Date of Submission

Spring 2019

Academic Programs and Concentrations

Sociology; Gender and Sexuality Studies; Africana Studies

Project Advisor 1

Allison McKim

Abstract/Artist's Statement

Based on six in-depth interviews with Black women in the Metro-Atlanta area who have at some point in the past ten years received welfare assistance, this project serves to understand how Black women relate to the welfare system in the current moment. To best understand their circumstances, I set forth a three-part question: how do Black women welfare recipients experience the welfare system in the current moment?; how do they interpret these experiences?; and lastly, how do these experiences and interpretations lend to how they conceptualize, construct, and/or manage their identities as Black women welfare recipients? I argue that my participants' experiences with the welfare system are varied based on their backgrounds of financial stability or instability and their adherence to or non-compliance with standards about work participation and the nuclear family order; this consequently influences their interpretations of their experiences which they express via whom or what they blame for their conditions of financial instability. Lastly, however, I argue that regardless of their circumstances and experiences, each of my participants believes that they are rights-bearing citizens who are a part of the mainstream American citizenry and thus adopt mainstream American values that center independence, work, and self-responsibility. As a result, through what I term politics of distance, my respondents are able to justify their claims on the welfare system as they conceptualize and construct their identities in adherence to the American value system.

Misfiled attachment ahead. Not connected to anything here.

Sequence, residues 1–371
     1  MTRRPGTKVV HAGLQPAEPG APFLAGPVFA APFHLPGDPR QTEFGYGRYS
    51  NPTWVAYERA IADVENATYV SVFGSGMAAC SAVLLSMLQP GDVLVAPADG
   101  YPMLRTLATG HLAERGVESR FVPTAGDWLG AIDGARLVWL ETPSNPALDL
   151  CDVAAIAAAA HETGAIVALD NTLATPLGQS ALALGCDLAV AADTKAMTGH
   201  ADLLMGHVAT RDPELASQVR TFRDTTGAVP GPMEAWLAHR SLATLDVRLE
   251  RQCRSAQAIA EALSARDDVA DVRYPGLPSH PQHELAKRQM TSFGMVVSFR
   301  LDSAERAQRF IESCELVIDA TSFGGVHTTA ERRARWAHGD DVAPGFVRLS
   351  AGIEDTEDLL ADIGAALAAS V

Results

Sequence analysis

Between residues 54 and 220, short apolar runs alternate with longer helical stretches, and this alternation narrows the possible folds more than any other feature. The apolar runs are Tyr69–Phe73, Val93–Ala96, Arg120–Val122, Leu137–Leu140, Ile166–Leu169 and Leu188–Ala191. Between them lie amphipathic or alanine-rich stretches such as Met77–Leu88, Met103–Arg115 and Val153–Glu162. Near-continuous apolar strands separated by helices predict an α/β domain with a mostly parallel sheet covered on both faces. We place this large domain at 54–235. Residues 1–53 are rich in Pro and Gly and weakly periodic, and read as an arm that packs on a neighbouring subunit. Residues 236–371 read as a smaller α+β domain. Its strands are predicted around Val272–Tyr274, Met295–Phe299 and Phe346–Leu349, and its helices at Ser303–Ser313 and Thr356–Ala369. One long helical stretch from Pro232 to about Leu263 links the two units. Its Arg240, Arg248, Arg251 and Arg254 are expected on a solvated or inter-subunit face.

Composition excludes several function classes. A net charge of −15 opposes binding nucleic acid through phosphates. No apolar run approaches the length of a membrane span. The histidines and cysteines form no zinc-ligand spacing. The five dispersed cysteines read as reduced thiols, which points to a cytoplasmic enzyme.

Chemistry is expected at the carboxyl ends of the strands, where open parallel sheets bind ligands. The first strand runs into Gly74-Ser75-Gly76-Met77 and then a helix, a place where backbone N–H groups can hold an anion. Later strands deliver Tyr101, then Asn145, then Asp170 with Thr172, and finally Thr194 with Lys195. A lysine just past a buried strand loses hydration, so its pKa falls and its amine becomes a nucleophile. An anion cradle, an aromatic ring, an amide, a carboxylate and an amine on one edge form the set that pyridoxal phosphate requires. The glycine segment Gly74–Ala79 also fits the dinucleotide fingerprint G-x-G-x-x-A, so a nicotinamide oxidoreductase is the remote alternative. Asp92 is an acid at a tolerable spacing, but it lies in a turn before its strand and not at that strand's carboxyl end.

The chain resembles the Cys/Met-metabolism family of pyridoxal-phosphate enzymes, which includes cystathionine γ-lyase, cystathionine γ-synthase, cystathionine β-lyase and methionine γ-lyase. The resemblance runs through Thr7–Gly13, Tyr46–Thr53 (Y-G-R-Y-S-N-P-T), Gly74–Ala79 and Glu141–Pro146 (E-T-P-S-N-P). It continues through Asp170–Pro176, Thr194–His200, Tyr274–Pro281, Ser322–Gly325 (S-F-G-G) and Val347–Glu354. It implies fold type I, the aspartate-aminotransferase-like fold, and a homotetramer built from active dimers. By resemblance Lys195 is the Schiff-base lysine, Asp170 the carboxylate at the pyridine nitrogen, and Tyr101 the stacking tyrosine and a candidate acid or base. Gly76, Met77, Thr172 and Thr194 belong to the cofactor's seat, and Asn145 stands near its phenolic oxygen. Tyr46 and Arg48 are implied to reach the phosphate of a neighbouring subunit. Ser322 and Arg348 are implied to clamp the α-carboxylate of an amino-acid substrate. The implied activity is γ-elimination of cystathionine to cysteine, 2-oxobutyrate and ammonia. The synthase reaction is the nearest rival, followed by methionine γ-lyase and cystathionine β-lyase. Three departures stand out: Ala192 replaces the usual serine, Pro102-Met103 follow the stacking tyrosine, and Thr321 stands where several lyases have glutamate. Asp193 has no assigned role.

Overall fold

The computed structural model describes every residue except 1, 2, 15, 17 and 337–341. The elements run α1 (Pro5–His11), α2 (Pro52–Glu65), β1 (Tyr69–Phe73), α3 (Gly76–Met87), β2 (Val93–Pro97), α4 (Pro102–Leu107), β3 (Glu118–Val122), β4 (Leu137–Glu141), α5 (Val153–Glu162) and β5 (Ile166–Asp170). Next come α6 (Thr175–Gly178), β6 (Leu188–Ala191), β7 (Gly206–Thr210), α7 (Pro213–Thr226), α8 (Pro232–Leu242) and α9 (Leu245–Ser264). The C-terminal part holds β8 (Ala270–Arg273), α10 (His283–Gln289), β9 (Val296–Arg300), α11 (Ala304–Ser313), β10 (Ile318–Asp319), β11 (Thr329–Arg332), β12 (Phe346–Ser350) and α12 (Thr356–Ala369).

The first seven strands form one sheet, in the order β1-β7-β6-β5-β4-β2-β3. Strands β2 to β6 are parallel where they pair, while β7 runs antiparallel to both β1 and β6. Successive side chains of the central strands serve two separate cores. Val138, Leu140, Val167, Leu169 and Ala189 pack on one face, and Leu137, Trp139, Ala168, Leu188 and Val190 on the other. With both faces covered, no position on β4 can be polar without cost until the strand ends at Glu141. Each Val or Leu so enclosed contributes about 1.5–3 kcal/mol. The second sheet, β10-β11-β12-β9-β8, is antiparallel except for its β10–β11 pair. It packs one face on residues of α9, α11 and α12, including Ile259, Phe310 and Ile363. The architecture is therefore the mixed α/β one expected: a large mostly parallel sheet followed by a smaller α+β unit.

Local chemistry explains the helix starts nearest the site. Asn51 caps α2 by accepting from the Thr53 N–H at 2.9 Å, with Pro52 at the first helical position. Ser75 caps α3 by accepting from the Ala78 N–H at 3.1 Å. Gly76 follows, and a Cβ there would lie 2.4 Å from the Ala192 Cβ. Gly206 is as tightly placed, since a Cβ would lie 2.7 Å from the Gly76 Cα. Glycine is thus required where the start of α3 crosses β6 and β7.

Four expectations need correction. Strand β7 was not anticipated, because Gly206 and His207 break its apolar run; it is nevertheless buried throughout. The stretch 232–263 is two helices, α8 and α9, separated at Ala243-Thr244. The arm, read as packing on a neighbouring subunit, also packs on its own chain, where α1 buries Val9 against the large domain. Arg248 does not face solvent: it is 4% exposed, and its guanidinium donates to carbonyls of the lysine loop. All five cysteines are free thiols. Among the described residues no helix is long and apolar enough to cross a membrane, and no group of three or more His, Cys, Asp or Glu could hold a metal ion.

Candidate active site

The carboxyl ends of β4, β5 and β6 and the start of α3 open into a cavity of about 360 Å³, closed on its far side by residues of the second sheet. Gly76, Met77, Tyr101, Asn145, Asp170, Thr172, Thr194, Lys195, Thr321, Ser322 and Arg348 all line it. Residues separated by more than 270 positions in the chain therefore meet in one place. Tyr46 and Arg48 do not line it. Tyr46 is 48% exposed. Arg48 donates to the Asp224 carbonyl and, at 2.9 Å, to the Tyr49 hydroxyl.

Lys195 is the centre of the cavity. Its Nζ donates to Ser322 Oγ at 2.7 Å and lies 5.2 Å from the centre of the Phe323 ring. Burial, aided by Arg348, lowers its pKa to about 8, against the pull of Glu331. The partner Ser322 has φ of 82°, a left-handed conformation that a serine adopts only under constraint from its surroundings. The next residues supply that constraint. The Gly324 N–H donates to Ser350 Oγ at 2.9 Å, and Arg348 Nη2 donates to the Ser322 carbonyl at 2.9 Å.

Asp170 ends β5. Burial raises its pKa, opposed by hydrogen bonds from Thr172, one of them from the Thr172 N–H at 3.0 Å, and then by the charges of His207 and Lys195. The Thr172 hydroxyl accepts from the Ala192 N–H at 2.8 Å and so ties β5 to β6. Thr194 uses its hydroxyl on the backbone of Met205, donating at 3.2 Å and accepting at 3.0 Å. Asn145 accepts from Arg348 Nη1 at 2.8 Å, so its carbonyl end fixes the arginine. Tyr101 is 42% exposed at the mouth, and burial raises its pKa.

Open Access Agreement

Open Access

Creative Commons License

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